But just for a few moments, pretend as if EVERYTHING is your fault. Even if it's not your fault...it is your fault.
Now, before you get defensive, just hear me out.
If NOTHING is your fault, then that means you have no power. You have no control over anything in your life. Whatever happens would happen by chance.
If EVERYTHING is your fault, then that means you have power to make big changes in your life. This means that there is hope for you and that you don't have to live as if living by chance.
Let's say you get laid off your job. No, that wasn't your fault. BUT...let's say you ask the following questions:
- Why did they feel they could lay me off?
- Was I not valuable enough to them?
- Did I not do more than what was expected?
- Do my employers know me by name or by number?
- Did I not do enough to improve my skills to be a more valuable employee?
- Did I treat my job as just a job or as my own business?
Or in other words: did I just come to work to get a paycheck or did I try to make the company successful? When lay-offs happen, they don't happen to those the company sees as valuable assets. The lay-offs happen to those who just come to work, put in their time, and go home. There are plenty of those who are like that.
So, if you get laid off, it wasn't anything you've done. But then again, if you did MORE, perhaps you would still be at the job.
You see, it's not always about what you've done. You probably didn't do anything wrong. Sometimes, it's about what you DIDN'T do -- that is, you could have done better but decided not to.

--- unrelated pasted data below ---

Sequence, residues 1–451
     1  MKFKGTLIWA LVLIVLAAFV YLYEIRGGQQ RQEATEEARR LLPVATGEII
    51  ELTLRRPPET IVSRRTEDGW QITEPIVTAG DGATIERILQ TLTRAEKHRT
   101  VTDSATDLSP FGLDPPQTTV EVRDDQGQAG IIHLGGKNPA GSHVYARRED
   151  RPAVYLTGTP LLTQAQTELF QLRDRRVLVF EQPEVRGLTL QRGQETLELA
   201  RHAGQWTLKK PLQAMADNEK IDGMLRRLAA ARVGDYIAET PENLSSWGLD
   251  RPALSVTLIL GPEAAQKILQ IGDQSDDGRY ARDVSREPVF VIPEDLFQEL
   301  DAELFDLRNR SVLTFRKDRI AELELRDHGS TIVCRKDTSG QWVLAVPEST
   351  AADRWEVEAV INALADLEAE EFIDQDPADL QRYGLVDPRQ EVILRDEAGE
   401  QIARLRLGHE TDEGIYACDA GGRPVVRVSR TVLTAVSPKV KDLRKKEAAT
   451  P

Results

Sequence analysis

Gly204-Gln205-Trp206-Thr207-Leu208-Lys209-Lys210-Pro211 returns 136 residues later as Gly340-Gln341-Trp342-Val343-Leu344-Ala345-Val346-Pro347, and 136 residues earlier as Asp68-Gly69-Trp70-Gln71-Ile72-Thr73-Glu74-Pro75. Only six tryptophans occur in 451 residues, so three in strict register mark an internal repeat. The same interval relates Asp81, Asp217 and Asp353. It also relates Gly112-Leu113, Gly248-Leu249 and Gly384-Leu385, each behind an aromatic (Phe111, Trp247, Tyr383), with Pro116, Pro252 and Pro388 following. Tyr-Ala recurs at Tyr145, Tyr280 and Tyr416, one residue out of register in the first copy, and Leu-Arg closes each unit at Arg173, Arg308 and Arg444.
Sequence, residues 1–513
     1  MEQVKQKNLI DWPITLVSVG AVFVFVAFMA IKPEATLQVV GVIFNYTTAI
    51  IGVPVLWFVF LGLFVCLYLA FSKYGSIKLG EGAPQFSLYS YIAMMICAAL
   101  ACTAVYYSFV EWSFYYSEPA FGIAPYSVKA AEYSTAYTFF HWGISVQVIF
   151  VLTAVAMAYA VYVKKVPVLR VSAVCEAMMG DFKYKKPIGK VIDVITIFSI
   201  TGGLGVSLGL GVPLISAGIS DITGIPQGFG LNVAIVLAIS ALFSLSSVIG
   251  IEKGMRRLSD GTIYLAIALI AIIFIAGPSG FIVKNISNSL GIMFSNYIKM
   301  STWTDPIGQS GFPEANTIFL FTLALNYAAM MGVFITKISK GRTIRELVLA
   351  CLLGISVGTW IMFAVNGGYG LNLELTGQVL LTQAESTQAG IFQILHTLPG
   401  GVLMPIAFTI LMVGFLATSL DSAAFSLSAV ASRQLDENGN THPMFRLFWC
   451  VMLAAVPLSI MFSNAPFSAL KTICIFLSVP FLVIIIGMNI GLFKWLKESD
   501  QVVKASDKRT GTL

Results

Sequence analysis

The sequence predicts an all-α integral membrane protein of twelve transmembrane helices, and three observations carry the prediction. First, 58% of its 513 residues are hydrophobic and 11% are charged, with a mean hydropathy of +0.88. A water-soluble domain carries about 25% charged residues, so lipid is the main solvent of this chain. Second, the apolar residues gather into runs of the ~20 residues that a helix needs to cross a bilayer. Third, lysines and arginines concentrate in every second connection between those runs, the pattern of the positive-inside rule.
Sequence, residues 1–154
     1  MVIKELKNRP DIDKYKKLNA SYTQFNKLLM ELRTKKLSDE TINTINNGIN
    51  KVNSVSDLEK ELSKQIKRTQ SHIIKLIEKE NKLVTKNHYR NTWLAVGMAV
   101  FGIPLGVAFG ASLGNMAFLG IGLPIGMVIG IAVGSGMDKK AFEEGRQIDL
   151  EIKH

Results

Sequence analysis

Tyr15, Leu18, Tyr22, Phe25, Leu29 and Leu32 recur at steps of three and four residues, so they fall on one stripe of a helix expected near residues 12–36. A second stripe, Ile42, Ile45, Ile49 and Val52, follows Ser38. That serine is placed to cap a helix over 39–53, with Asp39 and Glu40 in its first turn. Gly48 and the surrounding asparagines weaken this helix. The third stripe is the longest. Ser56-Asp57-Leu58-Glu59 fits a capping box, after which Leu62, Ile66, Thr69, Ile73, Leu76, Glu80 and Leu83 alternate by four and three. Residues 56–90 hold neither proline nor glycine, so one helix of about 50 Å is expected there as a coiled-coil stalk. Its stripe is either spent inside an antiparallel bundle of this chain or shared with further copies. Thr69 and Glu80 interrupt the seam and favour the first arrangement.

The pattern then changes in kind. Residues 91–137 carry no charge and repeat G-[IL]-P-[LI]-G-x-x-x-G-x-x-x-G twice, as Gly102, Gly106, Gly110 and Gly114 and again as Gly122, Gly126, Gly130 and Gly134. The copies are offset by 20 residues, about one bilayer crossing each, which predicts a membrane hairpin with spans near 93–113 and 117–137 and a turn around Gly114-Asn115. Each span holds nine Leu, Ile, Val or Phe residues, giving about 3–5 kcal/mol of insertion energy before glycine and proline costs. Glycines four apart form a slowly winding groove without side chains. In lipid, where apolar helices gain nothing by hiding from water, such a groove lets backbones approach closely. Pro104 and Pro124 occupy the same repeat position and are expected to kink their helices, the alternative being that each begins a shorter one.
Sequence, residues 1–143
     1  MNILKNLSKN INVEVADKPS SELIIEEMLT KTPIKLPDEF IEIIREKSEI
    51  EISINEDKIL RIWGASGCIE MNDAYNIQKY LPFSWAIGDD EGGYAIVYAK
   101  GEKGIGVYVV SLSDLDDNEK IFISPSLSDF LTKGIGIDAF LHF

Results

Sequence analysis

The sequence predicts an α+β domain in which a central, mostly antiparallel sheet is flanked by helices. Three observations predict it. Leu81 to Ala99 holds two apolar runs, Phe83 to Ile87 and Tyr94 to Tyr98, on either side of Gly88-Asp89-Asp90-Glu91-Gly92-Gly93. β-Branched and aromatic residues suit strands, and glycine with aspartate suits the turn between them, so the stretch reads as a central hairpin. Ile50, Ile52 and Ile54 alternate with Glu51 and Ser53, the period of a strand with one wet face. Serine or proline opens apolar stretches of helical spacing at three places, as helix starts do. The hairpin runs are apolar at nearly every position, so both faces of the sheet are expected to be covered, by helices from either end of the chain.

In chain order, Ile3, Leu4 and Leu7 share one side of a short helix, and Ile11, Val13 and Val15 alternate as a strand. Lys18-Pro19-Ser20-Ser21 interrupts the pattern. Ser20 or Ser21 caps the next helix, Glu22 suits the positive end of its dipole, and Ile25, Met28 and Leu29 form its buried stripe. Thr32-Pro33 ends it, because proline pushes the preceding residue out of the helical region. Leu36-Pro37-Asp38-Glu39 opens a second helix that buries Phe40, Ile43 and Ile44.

When I got laid off my EMS job, I was angry. I blamed the company. I maintained my innocence...and I still do. But what hits me like a sag of bricks is that they laid me off because they saw no value in me!
I just came to work and did my job. I didn't mingle with my employees or try to get to know my bosses better. I barely tried to improve my skills to be a better employee. So, when they laid me off, they didn't really lose much! And to think about it...man...that hurts!
No, it wasn't my fault that I lost my job. But in a way, it is my fault because I didn't do much to make myself more valuable to the agency.
It's easy to point fingers and maintain innocence. It's harder to look at ourselves and admit that we haven't done enough to prevent our situation -- or to make our situation better.
Before we say, "It's not my fault," remember that by repeating those words, you are taking power from your hands. You are stripping yourself from all control.
But, if you're willing to accept responsibility for anything that happens, then you're giving yourself more control over your situation. You're saying that while you can't prevent every bad thing from happening, you CAN do your best to make the situation better.